U.S. Army artillery, intelligence communities meet to prepare for the ‘Army of 2030’ changes

From Sept. 7-8 2023, Army personnel from the artillery, known as ‘fires’, and intelligence communities, from across the active duty and National Guard components alike, descended upon the 34th Red Bull Infantry Division headquarters in Arden Hills for a second-annual symposium.  

Unlike last year’s Fires Symposium, this event was redesignated as an Intel and Fires Symposium. In keeping with the U.S. Army’s strategic vision for the future, known as the ‘Army of 2030’ which is driving the implementation of significant force structure changes, the leadership of the 34th Red Bull Infantry Division and 34th Division Artillery constructed an itinerary which emphasized the importance of synchronizing the efforts of separate warfighting functions.  

“We were very deliberate in saying that intel goes first, then fires, then targeting, because targeting is the integration of intel and fires,” said Army Col. Eric Wieland, commander of the 34th Division Artillery, known as DIVARTY.  

Day one of the two-day event had briefs and panel discussions which brought together some of the best representation the National Guard Bureau and the Fires Center of Excellence could provide. One keynote speaker, Army Lt. Col. Christopher Isch, provided unique insights to the audience based on his role as the senior National Guard advisor at Army Futures Command’s Long-Range Precision Fires (LRPF) cross-functional team.  

“One of the benefits that the LRPF has is that we are at Fort Sill,” said Isch. “We are with our center of excellence. We are quite literally across the street from the Fort Sill [commanding general] who is the [field artillery] modernization proponent for the Army.” 

A consideration the Army must make, however, is that approximately 40% of the total Army force is in the National Guard. Further, 60% of Fires units in the Army are in the National Guard. There are problem sets that are unique to the National Guard when it comes to things like fielding equipment, resourcing the units, and conducting training at the individual, unit, and collective levels.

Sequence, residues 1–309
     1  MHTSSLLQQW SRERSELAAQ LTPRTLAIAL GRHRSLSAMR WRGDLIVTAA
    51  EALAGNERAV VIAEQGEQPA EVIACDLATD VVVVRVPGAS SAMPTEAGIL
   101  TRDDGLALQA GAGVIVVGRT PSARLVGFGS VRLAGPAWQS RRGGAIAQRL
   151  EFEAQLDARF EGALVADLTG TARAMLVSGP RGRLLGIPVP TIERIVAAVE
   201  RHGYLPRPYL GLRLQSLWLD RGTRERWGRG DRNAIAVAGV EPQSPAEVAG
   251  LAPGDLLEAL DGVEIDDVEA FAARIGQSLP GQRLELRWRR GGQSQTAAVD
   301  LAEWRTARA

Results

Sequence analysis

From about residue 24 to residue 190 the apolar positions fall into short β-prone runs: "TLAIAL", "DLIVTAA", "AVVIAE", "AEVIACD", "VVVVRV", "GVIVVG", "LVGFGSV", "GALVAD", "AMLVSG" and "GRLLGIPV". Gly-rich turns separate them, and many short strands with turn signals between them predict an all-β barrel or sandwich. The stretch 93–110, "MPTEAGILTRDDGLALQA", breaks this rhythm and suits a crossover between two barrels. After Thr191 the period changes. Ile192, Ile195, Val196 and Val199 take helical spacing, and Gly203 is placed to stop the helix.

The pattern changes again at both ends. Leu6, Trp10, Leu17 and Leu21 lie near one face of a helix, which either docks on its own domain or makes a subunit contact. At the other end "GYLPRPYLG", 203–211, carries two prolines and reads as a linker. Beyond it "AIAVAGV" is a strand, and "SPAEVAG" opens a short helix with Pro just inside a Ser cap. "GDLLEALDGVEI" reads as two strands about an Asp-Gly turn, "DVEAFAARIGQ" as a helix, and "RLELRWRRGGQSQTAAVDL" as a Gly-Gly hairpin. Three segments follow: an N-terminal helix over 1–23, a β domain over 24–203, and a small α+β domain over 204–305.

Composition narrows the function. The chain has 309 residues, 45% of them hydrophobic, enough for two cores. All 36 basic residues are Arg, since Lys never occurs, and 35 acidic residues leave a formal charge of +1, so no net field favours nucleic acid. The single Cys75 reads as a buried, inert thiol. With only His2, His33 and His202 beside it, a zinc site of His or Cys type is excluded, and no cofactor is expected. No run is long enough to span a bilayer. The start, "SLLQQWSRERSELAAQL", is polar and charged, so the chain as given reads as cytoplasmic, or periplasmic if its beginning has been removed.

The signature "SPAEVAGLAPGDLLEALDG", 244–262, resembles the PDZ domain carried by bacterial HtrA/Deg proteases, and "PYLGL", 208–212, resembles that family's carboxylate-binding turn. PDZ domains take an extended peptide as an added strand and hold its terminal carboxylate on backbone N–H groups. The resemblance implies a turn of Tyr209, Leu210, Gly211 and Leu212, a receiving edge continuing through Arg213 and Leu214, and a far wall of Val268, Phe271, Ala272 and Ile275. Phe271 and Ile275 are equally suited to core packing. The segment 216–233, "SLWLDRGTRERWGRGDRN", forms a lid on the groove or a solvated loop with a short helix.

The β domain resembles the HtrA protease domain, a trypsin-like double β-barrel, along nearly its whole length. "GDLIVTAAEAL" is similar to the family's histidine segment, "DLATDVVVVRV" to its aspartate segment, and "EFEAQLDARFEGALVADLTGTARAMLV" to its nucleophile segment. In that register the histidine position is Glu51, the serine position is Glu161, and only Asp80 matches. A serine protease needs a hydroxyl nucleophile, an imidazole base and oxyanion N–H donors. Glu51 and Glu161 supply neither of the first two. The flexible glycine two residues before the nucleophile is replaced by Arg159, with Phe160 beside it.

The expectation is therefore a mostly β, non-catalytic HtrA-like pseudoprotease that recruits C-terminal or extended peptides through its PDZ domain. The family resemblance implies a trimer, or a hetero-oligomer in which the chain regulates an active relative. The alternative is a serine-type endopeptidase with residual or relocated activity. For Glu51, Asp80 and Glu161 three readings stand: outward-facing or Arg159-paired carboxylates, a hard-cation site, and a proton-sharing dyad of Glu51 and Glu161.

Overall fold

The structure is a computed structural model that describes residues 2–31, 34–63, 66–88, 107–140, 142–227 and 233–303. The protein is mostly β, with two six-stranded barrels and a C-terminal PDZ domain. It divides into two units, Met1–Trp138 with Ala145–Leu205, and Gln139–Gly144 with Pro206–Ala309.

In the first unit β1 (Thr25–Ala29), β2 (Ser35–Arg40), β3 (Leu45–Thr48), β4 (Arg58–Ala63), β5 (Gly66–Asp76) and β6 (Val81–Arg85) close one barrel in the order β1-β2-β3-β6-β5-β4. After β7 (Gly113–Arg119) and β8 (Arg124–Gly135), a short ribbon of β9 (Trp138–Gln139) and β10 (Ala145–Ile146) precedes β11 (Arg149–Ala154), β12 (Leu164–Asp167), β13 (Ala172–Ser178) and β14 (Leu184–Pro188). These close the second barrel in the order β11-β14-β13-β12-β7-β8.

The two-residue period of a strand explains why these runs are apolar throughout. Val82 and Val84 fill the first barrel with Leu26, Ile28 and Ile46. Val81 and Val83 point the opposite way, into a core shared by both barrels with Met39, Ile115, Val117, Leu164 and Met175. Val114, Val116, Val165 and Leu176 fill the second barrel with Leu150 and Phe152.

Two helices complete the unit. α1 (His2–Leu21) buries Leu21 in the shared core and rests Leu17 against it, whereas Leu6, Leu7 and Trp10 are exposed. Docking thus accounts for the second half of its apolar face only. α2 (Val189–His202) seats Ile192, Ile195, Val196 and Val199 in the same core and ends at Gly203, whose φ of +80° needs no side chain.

“As the National Guard stands up its [division artillery units] we’re kind of focusing on the division for a couple of reasons,” explained Weiland. “For one, the Army of 2030 has explicitly said that the division is the unit of action. It is the tactical echelon headquarters that has enough robust capabilities to do multi-domain operations. It’s probably the lowest echelon that is doing multi-domain operations in large scale ground combat operations, which is a pivot from what we did before where brigades had the capability to conduct large-scale ground combat operations.” 

While divisions may take the helm as the unit of action, they are still powerless to engage in fight without the maneuver units under their purview. For this reason, the Red Bull Intel and Fires Symposium was a two-day event. Day two was centered around the challenges that National Guard field artillery are faced with, as well as ways forward to improve field artillery operations in the 34th Red Bull Infantry Division, alongside the units who are aligned-for-training. 

Headquarters and Headquarters Battery, 34th DIVARTY First Sergeant Jonah Jenniges was a primary planner for the day two symposium events. “Battalion level staff officers and battalion master gunners were the main target audience. [That event] provided the 34th DIVARTY master gunners the opportunity to create a shared understanding of the DIVARTY commander’s vision for the 34th ID fires community for the Army of 2030.” 

The event offered peers the opportunity to learn from one another, as well as share and discover best practices for targeting, training, and everything in between.  

“It’s good to come back and engage with National Guard divisions, especially as they’re going through this transformation of standing up the DIVARTYs,” said Isch. “And really making a fundamental shift in the way that we fight fires across the National Guard component.” 

By Lt. Linsey Williams 
Minnesota National Guard Public Affairs